Annotape: Audio Data Collection and Analysis
Allows a user to record audio interviews and analyze qualitative data.
AnnoTape is a solution for recording, analysing & transcribing audio data for qualitative research, marketing, journalism and broadcast, and sound archiving.
AnnoTape turns your computer into a ‘virtual’ tape recorder:
One hour of recording normally takes between six to eight hours of professional transcription, involving time and expense. Instead, cut out transcription all together - AnnoTape lets you record, review, analyse and index the sound files themselves.
The design team for AnnoTape brought together a software engineer with an anthropologist specialising in qualitative research techniques. Amongst its present uses, AnnoTape has been tested in ethnographic fieldwork, in market research and focus group management, in qualitative research in the health sciences, and other research activities. It can be used in any environment where recording, storage and manipulation of large amounts of text and audio data are necessary.
How does AnnoTape work?
AnnoTape name describes how the programme is conceived: in essence, AnnoTape works with ‘annotated tape’. Think of it this way: imagine recording an ordinary cassette tape of you interviewing someone for, let’s say, an hour. Imagine, further, that you could stick tiny pieces of yellow stickie paper along the tape marking moments where a particularly interesting discussion begins: let’s say your interviewee has just started, at moment 10:11:40, to discuss the heart of the subject you are interested in. Months later, when you have probably collected tens or hundreds more such cassette tapes of interview, you know you are going to want to listen to this moment again - but how will you ever find it?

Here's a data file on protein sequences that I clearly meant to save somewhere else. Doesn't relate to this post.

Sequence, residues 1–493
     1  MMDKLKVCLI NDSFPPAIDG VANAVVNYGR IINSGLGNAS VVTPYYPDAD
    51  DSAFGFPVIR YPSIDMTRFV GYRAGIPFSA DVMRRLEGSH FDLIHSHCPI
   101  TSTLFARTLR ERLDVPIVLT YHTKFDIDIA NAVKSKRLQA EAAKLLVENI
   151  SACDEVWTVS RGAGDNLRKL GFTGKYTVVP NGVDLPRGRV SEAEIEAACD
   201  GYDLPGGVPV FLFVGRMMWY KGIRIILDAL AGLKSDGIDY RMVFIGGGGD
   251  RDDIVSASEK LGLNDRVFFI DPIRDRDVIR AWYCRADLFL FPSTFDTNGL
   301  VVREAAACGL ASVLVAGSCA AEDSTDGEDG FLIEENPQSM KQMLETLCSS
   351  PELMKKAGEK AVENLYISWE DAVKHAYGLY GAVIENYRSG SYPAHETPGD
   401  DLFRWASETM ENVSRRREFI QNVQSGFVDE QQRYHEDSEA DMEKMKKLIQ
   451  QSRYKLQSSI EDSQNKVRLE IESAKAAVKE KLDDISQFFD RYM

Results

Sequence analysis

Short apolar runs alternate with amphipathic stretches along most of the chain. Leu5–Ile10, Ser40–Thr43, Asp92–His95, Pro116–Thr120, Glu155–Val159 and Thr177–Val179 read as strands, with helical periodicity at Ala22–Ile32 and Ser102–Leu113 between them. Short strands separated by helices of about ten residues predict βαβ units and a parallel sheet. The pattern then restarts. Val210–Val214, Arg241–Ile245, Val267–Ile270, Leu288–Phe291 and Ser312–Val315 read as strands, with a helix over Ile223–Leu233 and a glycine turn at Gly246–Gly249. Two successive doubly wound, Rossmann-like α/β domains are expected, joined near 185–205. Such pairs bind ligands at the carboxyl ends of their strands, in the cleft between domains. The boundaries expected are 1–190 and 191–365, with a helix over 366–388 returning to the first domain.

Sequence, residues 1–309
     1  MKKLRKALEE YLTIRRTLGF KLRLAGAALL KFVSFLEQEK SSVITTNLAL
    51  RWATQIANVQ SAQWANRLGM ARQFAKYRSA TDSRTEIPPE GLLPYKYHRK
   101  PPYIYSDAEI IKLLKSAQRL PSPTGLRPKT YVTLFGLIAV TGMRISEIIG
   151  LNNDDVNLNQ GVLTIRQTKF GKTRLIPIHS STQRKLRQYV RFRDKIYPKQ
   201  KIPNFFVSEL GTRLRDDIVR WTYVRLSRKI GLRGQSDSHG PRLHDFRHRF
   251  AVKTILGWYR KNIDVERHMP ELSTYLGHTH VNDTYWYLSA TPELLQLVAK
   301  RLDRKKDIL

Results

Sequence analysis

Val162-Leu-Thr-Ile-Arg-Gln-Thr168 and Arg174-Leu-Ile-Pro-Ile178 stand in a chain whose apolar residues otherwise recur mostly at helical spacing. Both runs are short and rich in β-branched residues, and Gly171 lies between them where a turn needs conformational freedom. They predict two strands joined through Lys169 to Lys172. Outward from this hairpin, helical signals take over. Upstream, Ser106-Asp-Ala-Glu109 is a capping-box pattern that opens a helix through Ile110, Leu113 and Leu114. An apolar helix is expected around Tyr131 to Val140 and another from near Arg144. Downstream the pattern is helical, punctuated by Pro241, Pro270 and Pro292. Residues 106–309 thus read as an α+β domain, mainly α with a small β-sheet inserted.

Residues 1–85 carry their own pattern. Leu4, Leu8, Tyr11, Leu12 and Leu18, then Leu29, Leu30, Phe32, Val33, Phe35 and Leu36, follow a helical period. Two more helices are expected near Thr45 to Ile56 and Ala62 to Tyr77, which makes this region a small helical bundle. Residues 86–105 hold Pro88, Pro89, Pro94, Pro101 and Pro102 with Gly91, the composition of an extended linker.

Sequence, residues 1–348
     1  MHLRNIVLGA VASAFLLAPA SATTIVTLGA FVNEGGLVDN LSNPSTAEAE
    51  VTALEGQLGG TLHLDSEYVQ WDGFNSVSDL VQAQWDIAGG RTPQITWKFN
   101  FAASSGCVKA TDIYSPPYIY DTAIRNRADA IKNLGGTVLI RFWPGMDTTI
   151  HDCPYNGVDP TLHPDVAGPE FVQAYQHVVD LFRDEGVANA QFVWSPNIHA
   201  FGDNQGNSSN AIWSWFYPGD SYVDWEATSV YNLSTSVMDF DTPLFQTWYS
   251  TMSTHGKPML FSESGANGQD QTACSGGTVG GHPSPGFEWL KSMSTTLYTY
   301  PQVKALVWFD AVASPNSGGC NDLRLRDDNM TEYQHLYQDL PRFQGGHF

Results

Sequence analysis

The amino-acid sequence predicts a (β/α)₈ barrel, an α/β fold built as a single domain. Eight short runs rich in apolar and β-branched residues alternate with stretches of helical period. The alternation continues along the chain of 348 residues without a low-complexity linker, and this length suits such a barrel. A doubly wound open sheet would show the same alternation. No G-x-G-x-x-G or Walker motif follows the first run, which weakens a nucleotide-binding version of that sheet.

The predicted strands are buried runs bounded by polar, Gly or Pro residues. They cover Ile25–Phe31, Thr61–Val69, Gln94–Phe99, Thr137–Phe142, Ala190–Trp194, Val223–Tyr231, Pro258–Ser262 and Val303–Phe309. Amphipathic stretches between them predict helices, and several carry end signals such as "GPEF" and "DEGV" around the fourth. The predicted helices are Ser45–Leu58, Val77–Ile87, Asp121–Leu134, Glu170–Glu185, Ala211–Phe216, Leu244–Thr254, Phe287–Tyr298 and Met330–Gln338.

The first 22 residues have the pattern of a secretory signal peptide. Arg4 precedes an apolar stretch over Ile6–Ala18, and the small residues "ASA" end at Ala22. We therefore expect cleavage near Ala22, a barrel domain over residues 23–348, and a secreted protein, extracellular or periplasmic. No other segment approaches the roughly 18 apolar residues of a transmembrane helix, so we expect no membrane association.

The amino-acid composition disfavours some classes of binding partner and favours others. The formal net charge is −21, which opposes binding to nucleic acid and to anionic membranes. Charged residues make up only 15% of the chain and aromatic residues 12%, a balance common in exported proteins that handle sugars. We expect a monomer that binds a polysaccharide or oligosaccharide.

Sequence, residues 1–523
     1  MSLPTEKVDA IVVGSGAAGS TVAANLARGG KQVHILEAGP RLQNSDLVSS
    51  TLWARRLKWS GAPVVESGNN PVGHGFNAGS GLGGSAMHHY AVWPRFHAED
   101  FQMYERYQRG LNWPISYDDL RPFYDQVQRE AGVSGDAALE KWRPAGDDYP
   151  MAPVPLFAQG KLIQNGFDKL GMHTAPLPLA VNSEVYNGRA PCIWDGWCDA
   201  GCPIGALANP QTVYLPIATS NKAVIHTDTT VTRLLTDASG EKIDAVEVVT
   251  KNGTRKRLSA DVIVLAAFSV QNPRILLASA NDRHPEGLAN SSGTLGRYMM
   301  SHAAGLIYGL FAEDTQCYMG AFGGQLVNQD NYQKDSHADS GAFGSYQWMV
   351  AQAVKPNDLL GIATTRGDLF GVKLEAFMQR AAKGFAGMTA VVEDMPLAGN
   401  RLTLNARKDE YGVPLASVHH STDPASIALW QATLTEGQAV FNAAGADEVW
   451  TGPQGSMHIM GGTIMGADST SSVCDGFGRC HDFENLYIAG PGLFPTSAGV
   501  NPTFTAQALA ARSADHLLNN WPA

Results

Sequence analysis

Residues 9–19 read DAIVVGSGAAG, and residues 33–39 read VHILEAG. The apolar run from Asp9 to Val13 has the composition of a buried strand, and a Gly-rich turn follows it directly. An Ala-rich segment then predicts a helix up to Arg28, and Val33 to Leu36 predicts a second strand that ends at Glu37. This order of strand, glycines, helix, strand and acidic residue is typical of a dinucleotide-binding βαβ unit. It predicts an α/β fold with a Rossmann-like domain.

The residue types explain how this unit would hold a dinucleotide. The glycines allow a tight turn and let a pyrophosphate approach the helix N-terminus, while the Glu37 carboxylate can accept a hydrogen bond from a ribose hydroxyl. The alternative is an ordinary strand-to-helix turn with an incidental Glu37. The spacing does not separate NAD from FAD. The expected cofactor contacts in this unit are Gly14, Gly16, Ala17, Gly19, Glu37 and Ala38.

In essence, AnnoTape allows you to turn your computer - preferably a laptop for mobility, but desktops work too - into a recording unit. You can record hundreds of different interviews or other kinds of sound file straight onto your hard disk (or, if you are of the old school, use a conventional cassette recorder and then upload the recordings to the hard disk later). All of these sound files are then instantly available for playback at any moment in the future.
In the second step, you listen through each sound file after it has been recorded, and you ‘annotate’ it - that is, you stick virtual pieces of yellow stickie paper to particularly striking, intriguing or useful moments in the sound file to which you know you will want to return later. The ‘stickie’ is an index file to which you can give a name or sequence of names - these may be unique to that one place in that single file, or may be an index term which you use across all the files in your archive. Either way, these indices are fully searchable later. You can also attach free text ‘index notes’ to this moment in the ‘tape’ also.
In this way, you build up a database which consists of all the sound files (and text files, which can be AnnoTated in a similar way), together with all the indices which point to particular moments.
At some point in the future, you may be writing a research paper or report, preparing or giving a lecture with audio-visual aids, or simply wanting to check your recall of some recorded events. At this point, you can search for and instantly retrieve any moment that you previously indexed. Say, for example, you know that somewhere in your one hundred hours of recorded interviews, you know you previously indexed a moment where one informant (you can’t now remember who…) referred to the problems of teenage tobacco addiction. Using the find command, you pull up a list of all the index terms you have attached, and you see that one of them is ‘Tobacco:Addiction:Teenagers’. You search on that term, and immediately, AnnoTape finds that you applied that term just once, to the file with the interview with ‘Patrick’, beginning 30:35:20 into the interview. Press return, and the recording starts to replay at exactly that point.